Safaricom Ethiopia has shut down its sites in Amhara, the country's second-largest region, following the federal government declaring a six-month state of emergency on August 4, 2023, due to a crisis between the Ethiopian National Defence Forces (ENDF) and the Fano militia (a part-time militia with no formal command structure) on August 1, 2023. This decision means Millions of people in the Amhara region can no longer access Safaricom's services.
Although fewer than 40% of its 120 million population uses mobile phones, the Ethiopian market remains highly valuable to Safricom as it generates substantial returns for the company. Since the company entered the Ethiopian market in October 2022, it has enjoyed operational efficiency on the winds of the country's stability and had plans to invest about $300m a year into Ethiopia until 2032, having already invested over $1.2bn.
Unfortunately, the conflict in Amhara could dent Safaricom's vision to lay a strong foothold in the Ethiopian market and the company's push to digitalise the country's economy, as the conflict might affect a significant number of Safaricom's 1,272 sites in Ethiopia and hopes of meeting its 3000 sites target by 2024. Also, since its launch in Ethiopia, Safaricom has added over 600 jobs and has a workforce of about 909, with 81% comprising locals who could now be on the verge of being unemployed if conflicts persist.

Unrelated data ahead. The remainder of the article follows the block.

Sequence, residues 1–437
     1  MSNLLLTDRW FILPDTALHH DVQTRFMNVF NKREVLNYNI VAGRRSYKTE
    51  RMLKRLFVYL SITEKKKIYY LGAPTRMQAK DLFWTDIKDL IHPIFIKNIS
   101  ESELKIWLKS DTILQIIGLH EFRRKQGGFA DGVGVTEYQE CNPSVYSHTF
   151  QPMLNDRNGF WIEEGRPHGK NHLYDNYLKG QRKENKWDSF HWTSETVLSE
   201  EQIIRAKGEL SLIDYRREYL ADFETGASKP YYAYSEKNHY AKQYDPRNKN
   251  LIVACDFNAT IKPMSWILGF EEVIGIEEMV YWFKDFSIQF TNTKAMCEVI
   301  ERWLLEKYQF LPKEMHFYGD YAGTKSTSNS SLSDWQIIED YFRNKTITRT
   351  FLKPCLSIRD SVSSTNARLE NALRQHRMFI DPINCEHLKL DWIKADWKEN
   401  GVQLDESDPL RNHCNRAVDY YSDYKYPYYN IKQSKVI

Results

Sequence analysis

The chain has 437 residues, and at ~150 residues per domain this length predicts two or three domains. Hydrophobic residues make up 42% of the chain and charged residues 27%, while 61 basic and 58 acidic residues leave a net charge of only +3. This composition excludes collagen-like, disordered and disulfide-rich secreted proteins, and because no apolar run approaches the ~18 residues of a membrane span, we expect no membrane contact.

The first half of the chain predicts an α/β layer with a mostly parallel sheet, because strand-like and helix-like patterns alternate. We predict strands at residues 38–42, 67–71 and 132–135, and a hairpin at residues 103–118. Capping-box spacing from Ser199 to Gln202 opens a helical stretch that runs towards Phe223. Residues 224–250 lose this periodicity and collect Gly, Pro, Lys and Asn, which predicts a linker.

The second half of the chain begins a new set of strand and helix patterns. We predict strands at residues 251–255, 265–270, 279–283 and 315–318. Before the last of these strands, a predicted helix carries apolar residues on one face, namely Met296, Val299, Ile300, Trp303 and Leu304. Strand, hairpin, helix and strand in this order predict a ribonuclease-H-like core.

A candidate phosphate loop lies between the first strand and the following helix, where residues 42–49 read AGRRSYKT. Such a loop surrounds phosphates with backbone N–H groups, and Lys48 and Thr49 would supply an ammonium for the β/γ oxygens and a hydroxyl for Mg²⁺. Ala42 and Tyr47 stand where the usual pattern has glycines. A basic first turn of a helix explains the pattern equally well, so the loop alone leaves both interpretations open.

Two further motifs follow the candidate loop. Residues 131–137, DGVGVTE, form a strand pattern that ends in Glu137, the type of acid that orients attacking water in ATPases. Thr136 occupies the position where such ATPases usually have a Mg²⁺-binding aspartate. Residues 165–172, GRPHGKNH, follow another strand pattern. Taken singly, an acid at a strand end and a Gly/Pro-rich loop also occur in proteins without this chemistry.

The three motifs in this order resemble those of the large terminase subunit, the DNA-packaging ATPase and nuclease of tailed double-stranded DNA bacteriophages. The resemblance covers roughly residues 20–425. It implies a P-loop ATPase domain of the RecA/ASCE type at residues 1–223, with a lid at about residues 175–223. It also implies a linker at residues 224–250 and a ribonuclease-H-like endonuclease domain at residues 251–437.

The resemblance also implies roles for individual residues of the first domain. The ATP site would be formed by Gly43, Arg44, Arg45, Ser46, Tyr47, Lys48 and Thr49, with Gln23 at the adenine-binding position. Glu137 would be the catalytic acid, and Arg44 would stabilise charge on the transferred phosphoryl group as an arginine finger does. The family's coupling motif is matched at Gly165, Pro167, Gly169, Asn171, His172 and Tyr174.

Notably, Ethiopia has been heavily dependent on cash, and the only mobile operator in the market is the state-owned Ethio Telecom, which launched its mobile money service Telebirr in May 2021. Safaricom has plans to launch its mobile money service in the country. However, if the conflict in the country escalates, it could become a barrier to the company's expansion and Ethopia's financial inclusion and development.
Company Name: Safaricom
CEO: Peter Ndegwa
Funding raised: $2,600,000,000 (2017)
Customer base: 29,600,000
Key countries: Kenya and Ethiopia